Dionysus Picture

Dionysus or Dionysos (English pronunciation: /ˌdaɪ.ɵˈnaɪsəs/; Greek: Διόνυσος or Διώνυσος, pron. [di.'o.ny.sos]) is the ancient Greek god of wine, wine cups, wineskin, grapes, and fertility. The god who inspires ritual madness, joyful worship, and ecstasy, carnivals, celebration and a major figure of Greek mythology. He is included as one of the twelve Olympians in some lists. Dionysus is typical of the god of the epiphany, "the god that comes". He was also known as Bacchus, the name adopted by the Romans and the frenzy he induces, bakkheia. In addition to winemaking, he is the patron deity of agriculture and the theater. Hailed as an Asiatic foreigner, he was thought to have had strong ties to the East and to Ethiopia in the South. He was also known as the Liberator (Eleutherios), freeing one from one's normal self, by madness, ecstasy or wine. The divine mission of Dionysus was to mingle the music of the aulos and to bring an end to care and worry. Scholars have discussed Dionysus' relationship to the "cult of the souls" and his ability to preside over communication between the living and the dead.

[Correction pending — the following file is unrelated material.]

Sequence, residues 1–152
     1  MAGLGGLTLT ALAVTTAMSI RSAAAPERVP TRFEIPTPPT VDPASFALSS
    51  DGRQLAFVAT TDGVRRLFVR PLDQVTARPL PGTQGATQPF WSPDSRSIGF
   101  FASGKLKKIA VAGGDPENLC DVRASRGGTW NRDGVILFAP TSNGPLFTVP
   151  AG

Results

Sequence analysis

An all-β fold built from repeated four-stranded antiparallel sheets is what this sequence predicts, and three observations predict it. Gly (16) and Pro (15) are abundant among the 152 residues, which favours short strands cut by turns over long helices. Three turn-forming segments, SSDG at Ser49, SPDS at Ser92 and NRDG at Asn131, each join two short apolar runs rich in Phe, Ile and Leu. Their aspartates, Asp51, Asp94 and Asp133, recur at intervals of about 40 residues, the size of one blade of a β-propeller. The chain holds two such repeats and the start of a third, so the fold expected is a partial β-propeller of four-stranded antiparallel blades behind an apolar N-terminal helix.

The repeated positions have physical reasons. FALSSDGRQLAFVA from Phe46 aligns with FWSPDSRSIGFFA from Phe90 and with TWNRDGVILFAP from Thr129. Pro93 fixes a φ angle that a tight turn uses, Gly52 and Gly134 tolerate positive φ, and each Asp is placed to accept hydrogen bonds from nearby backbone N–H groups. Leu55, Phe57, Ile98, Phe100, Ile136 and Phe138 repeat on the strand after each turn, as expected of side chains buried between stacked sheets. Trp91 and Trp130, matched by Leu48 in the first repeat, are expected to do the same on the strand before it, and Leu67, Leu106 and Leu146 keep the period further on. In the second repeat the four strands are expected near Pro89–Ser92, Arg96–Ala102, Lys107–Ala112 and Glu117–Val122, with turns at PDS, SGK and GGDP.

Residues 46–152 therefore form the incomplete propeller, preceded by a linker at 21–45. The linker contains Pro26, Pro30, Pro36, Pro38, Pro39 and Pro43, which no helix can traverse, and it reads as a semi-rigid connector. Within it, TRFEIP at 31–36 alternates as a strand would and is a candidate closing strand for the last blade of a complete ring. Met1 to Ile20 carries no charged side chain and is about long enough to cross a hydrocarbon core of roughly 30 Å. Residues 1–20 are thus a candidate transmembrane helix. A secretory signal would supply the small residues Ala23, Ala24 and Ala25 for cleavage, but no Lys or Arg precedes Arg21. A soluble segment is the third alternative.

In Greek mythology, Dionysus is made out to be a son of Zeus and the mortal Semele. He is described as being womanly or "man-womanish". The retinue of Dionysus was called the thiasus and was comprised chiefly of maenads and satyrs. Dionysus is a god of mystery religious rites. One of the most famous mystery religions was the Eleusinian Mysteries, in which Dionysus may have had a minor role. In the Thracian mysteries, he wears the bassaris or fox-skin, symbolizing new life. His own rites, the Dionysian Mysteries practiced by maenads and others, were the most secret of all. Many scholars believe that Dionysus is a syncretism of a local Greek nature deity and a more powerful god from Thrace or Phrygia such as Sabazios or Zalmoxis.
The Lord of Life
Zeus and Semele